ARI SHAPIRO, HOST:
And now for some seriously wasteful purchases, emphasis on the waste.
AUDIE CORNISH, HOST:
Earlier this year we told you about documentary filmmakers who were trying to unearth the truth. They wanted to know if Atari, the videogame company, had really buried hundreds of 1980s game cartridges they couldn't sell...
SHAPIRO: Including the game version of "E.T. The Extra-Terrestrial," which I played as a child.
CORNISH: (Laughter) OK.
SHAPIRO: Reviewers hated game and - here's where the waste comes in - rumor had it the games were deep inside a New Mexico landfill. One of the filmmakers, Zak Penn, spoke to us about the project in March.
(SOUNDBITE OF ARCHIVED RECORDING)
ZAK PENN: Well, our goal is to document the excavation of this game to kind of find the truth behind the story.
CORNISH: Well, Ari, the city of Alamogordo struck a deal with the filmmakers. You can dig, they said, but we get to sell most of what you find.
It turns out it was all too true and the spoils have been up for auction on eBay.
SHAPIRO: So who would pay money for something that is literally garbage?
JASON BROWN: The box just had newspaper in it and the game itself is crushed up with dirt.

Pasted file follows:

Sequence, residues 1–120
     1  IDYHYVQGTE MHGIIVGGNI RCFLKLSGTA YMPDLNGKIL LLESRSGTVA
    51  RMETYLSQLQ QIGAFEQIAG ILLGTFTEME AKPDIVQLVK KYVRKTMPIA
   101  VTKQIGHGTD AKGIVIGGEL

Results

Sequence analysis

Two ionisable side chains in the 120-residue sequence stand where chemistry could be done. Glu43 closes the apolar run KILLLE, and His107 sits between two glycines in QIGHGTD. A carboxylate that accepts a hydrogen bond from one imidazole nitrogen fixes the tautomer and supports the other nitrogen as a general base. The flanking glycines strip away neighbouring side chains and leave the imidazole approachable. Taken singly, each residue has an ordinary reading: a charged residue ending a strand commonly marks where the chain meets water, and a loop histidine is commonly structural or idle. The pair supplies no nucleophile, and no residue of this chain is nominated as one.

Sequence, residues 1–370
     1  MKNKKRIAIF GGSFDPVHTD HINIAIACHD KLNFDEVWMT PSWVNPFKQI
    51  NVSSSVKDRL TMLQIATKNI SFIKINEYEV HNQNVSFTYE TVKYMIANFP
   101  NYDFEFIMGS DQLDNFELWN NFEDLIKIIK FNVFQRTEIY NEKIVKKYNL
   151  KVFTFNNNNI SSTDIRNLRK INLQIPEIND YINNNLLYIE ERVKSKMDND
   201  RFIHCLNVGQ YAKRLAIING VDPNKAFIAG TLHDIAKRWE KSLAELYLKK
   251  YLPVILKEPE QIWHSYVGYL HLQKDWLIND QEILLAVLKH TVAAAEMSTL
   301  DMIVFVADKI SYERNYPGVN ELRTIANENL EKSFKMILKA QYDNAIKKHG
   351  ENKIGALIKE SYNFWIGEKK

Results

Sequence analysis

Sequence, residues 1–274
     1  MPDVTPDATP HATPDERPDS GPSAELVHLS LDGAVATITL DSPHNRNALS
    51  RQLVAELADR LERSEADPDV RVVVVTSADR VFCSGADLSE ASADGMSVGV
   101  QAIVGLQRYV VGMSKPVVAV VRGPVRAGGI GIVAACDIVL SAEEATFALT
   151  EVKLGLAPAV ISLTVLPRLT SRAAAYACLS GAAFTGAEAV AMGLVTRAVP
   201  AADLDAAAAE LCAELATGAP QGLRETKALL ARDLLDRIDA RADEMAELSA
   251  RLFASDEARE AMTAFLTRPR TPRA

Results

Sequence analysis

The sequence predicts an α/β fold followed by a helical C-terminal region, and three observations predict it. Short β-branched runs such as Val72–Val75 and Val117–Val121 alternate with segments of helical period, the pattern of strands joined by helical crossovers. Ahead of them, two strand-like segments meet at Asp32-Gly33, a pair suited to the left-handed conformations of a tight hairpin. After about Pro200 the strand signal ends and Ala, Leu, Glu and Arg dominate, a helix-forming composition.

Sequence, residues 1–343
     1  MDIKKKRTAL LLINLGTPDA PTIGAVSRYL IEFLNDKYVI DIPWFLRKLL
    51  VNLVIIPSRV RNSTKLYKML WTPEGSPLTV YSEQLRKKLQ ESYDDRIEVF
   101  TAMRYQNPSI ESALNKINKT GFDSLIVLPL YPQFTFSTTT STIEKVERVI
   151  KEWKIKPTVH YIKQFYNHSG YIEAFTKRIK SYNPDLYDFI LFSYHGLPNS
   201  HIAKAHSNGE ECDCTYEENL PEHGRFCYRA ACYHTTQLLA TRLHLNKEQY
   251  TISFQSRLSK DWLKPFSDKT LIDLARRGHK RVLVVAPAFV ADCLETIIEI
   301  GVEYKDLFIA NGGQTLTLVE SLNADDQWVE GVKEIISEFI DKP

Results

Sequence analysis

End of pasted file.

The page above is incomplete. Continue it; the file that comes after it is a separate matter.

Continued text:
SHAPIRO: That's Jason Brown. He is 32, father of three and just bought the landfill version of Atari's "Centipede" and it was not dirt cheap.
BROWN: The ending bid for me I believe was $186.
CORNISH: "E.T." cartridges, by the way, have been going for way more than that. One of them sold for more than 1,500 bucks.
SHAPIRO: I wish I hadn't gotten rid of mine. Well, Jason Brown is a big collector of these games. He has more than 1,700 of them at home. In this case though, he was really trying hard not to spend too much on trash so he asked his wife to talk him out of it.
BROWN: As the auction was going on I was like hey, stop me from buying this so she asked me what it was and I told her, and she surprised me. She's like, well, just don't spend too much and I was like, well, how much is too much? And she said, you should know how much is too much.
CORNISH: He decided anything under $200 would be worth it. That's for something he never intends to use. He plans to keep it in the box, dirt and all.
BROWN: Because if I ever want to sell it in the future, I'm if sure someone is looking to buy one of these, they want the authentic, you know, just-straight-from-the-dump feel.
SHAPIRO: Well, apparently just-straight-from-the-dump sells. So far the city has made more than $37,000 from the online auction of those old Atari 2600 game cartridges.
NPR transcripts are created on a rush deadline by Verb8tm, Inc., an NPR contractor, and produced using a proprietary transcription process developed with NPR. This text may not be in its final form and may be updated or revised in the future. Accuracy and availability may vary. The authoritative record of NPR’s programming is the audio record.